Best stock to invest in – Tesla Considering Shanghai For New China Plant



Best stock to invest in

Doug Young 

Bottom line: Tesla will announce a joint
venture production facility in Shanghai within the next 1-2
months, and could see its China sales pick up sharply after its
more affordable Model 3 reaches the market next year.

Just a week after Disney (NYSE: DIS) launched
its newest theme park in Shanghai, media are saying that new
energy car superstar Tesla (Nasdaq: TSLA)
is also eyeing China’s commercial capital as the location for a
new production base costing up to $9 billion. We should note from
the start that the potential partner mentioned in the reports, the
Shanghai government-owned Jinqiao Group, has
denied the signing of a memorandum of understanding (MOU) for such
a deal. But in this case I trust the source of the story,
Bloomberg, more than the Chinese officials who have a track record
of denying reports that later turn out to be true.

This particular investment plan has been in the headlines for
much of this year, though Tesla has been quick to always say that
it will only make such an investment if it can find the right
partner and market conditions justify such a move. A major
breakthrough appeared to be near last month, when a senior Tesla
executive met with a high government official in charge of the new
energy car sector and the pair later released photos of their
meeting. (previous post)

All that said, let’s review the latest developments that include
both details of the potential plan and also Jinqiao Group’s
denial. According to the Bloomberg report, Tesla has signed an MOU
to build a manufacturing plant in Shanghai’s Pudong New District,
making the city the front-runner to host the long-discussed
production base. (English article; Chinese article)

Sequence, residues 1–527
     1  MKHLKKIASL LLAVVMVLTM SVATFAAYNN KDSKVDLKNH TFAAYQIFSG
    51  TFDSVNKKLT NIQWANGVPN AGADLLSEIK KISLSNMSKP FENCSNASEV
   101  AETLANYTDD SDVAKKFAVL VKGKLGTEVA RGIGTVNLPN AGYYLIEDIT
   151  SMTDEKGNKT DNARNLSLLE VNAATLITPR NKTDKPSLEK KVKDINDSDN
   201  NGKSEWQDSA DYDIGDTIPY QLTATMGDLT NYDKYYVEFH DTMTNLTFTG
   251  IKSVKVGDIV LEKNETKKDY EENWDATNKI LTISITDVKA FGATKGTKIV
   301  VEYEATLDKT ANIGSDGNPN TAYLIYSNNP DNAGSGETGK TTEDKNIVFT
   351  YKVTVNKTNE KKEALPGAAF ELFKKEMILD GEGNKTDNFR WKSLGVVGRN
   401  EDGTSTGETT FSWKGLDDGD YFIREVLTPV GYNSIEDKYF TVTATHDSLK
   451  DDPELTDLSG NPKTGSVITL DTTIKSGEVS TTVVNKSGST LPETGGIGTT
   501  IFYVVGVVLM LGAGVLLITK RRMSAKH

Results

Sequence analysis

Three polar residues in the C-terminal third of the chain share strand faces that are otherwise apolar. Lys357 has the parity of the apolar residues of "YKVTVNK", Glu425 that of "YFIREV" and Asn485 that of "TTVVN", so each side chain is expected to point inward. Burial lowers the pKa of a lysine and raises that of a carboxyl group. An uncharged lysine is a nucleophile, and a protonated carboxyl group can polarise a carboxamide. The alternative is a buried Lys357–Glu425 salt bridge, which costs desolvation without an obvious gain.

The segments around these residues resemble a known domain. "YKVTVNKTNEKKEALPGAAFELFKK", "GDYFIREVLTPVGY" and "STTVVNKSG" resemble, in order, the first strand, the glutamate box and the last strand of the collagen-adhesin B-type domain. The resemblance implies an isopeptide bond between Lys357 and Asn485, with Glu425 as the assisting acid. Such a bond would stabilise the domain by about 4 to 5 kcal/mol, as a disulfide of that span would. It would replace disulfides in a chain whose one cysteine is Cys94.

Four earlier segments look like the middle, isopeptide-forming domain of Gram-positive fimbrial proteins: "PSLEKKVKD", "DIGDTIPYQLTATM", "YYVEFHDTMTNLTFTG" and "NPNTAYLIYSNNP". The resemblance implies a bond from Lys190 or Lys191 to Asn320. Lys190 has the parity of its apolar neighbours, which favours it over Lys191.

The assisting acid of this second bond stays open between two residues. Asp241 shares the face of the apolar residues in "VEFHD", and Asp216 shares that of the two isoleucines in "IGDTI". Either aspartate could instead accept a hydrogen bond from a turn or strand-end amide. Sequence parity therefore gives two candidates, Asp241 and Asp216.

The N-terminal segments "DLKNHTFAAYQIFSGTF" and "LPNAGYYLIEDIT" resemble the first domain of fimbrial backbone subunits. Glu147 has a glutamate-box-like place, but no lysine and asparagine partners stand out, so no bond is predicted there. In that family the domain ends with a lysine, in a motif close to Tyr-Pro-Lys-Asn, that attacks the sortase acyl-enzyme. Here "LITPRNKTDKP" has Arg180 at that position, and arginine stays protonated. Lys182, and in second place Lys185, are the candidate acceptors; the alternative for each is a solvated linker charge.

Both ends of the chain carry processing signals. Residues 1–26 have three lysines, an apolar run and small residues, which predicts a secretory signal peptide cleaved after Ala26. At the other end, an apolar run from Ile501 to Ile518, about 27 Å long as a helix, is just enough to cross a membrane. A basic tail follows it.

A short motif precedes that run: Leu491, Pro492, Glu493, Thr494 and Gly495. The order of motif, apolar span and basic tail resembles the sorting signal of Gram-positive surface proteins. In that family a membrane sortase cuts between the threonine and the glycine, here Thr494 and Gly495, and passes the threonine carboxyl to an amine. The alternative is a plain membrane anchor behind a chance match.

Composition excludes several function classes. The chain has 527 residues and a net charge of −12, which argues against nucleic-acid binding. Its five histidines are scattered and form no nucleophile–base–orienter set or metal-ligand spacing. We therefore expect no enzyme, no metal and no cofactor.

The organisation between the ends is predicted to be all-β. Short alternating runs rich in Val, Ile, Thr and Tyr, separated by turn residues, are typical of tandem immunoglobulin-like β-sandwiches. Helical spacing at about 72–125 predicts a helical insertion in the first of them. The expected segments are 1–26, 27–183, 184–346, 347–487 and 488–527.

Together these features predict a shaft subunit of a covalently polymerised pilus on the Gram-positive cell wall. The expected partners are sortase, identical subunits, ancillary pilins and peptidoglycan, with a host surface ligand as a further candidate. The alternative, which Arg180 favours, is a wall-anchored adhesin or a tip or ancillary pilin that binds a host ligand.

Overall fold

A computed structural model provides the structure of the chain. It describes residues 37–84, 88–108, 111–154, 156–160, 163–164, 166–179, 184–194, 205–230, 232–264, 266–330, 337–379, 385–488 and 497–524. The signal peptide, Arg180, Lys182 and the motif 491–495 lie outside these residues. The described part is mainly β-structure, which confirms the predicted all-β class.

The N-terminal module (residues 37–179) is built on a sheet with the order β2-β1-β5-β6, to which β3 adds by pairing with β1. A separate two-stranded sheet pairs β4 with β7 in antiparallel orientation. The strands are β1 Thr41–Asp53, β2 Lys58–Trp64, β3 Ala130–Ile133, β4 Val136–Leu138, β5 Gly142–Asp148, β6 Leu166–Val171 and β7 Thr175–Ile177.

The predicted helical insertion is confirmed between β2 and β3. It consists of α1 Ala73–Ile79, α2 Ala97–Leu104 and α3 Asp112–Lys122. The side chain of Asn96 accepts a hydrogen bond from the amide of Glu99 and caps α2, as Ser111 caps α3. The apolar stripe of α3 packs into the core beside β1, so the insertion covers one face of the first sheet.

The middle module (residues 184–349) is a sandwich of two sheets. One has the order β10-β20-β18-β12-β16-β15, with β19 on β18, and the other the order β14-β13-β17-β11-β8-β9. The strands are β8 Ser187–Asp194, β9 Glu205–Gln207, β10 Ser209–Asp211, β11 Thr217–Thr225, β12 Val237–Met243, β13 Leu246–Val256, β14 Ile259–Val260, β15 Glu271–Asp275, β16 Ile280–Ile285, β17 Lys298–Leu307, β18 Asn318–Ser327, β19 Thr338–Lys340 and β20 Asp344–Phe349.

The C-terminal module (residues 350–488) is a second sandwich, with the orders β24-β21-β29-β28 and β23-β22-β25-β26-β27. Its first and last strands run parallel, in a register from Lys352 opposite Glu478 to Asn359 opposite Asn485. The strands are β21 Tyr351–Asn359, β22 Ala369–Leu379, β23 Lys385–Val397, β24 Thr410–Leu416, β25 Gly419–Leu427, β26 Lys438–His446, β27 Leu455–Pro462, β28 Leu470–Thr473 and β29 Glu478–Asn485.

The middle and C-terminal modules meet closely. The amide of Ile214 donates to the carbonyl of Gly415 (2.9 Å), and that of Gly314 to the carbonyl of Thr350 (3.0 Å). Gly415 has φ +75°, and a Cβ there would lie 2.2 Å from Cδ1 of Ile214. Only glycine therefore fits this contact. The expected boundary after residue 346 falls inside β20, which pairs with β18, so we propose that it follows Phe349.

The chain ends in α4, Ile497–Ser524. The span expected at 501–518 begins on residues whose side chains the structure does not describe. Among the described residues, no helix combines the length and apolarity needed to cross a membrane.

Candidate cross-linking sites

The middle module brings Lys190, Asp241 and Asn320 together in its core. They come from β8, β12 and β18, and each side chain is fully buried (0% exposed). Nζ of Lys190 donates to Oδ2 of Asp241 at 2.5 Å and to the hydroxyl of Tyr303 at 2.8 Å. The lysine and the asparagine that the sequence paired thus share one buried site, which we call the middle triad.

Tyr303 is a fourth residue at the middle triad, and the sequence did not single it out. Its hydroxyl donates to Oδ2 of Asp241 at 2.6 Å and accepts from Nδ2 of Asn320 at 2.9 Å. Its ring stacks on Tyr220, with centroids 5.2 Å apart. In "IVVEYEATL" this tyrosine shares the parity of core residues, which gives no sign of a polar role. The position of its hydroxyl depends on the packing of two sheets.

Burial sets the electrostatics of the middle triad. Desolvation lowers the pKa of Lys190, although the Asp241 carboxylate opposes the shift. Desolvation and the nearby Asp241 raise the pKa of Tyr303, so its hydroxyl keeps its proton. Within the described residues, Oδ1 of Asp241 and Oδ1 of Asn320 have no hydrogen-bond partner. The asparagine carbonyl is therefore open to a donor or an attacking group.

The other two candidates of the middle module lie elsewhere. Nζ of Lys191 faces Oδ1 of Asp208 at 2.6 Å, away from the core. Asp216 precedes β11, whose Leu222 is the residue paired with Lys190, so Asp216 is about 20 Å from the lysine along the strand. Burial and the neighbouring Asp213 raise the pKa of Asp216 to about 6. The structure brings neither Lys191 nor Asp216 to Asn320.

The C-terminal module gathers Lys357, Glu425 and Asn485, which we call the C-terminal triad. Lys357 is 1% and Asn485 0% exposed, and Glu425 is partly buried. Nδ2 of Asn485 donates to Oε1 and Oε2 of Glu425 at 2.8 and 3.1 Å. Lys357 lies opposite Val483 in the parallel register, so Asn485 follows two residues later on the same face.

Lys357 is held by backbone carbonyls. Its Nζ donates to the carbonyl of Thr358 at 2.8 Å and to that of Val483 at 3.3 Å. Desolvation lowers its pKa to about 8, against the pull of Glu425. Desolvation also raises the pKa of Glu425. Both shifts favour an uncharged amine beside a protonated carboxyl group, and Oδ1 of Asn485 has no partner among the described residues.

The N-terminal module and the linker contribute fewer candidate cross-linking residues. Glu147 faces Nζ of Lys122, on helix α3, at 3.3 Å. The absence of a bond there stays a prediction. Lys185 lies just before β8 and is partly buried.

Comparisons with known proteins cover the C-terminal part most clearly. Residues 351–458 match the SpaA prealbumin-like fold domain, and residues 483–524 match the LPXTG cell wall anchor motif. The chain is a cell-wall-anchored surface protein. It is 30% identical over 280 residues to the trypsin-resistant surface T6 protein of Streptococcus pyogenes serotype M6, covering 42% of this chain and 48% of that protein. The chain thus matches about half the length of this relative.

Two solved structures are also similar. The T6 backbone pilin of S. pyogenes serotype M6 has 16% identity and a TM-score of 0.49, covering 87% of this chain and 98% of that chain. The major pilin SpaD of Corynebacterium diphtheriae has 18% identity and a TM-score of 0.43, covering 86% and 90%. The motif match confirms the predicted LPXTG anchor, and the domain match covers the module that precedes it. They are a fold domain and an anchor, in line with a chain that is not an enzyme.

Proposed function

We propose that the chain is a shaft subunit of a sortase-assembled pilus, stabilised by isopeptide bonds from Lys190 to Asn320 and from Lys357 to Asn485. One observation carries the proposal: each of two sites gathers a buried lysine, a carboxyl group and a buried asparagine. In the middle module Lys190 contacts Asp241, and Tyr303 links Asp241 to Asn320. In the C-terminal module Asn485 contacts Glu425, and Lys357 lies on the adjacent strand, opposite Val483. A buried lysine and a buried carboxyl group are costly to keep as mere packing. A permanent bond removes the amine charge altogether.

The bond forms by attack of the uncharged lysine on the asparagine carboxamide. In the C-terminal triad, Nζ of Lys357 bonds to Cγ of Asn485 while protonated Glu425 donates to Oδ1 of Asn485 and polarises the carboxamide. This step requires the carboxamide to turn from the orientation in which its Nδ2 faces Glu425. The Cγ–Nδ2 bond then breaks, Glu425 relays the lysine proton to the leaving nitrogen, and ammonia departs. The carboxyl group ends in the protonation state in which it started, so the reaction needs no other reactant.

Under the plan, Tesla would provide half of the investment for
the plant, or up to 30 billion yuan ($4.5 billion) of the total
cost of around $9 billion. Jinqiao Group would provide the other
half. Other places that are still vying for the plant include the
interior city of Hefei in Anhui province, and the city of Suzhou
about an hour’s drive from Shanghai.

The Bloomberg report cites a representative of one of Jinqiao’s
listed units saying that the parent company hasn’t signed any MOU
or other documents about a Tesla joint venture factory. (English article; Chinese article) The fact that Bloomberg
decided to run its article despite the denial leads me to believe
that a deal is really happening in Shanghai, though perhaps
there’s no actual signed MOU just yet.

Aggressive Suitor

The fact of the matter is that Shanghai is quite aggressive when
it comes to courting cutting-edge famous brands like Tesla. The
city just opened its state-of-the-art Disneyland last week, and
the latest reports are pointing out that the reported new Tesla
factory would be worth nearly twice as much as the $5.5 billion
price tag for the Disney resort.

Shanghai has also been working aggressively to build up a
charging infrastructure for electric vehicles (EVs), in a bid to
jump-start Beijing’s stalled program to promote the industry. That
program includes not only building charging stations throughout
the city, but also working aggressively to get residential
property management companies to permit apartment dwellers to
install such stations in their parking spaces at home.

Tesla zoomed into China 2 years ago on a flood of positive
publicity, fueled by Beijing’s emphasis on the technology and also
the celebrity power of company founder Elon Musk. But it stumbled
badly after that due to lack of infrastructure, poor marketing and
also problems with China’s broader incentive program to promote
the sector.

This latest move to localize production, combined with Tesla’s
recent introduction of a more affordable model priced at $35,000,
seem to indicate the company may be regaining some of the momentum
it lost after its fast start 2 years ago. Accordingly, I expect we
could see a formal announcement of the new joint venture in the
next month or two, and the company’s China sales could pick up
sharply when the new more affordable Model 3 becomes available
here next year.

Doug Young has lived and worked in China for 20 years, much of
that as a journalist, writing about publicly listed Chinese
companies. He currently lives in Shanghai where, in addition to
his role as editor of Young’s China Business Blog, he teaches
financial journalism at Fudan University, one of China’s top
journalism programs.. He writes daily on his blog,
Young´s
China Business Blog
, commenting on the latest
developments at Chinese companies listed in the US, China and Hong
Kong. He is also author of a new book about the media in China,
The
Party Line: How The Media Dictates Public Opinion in Modern China
.

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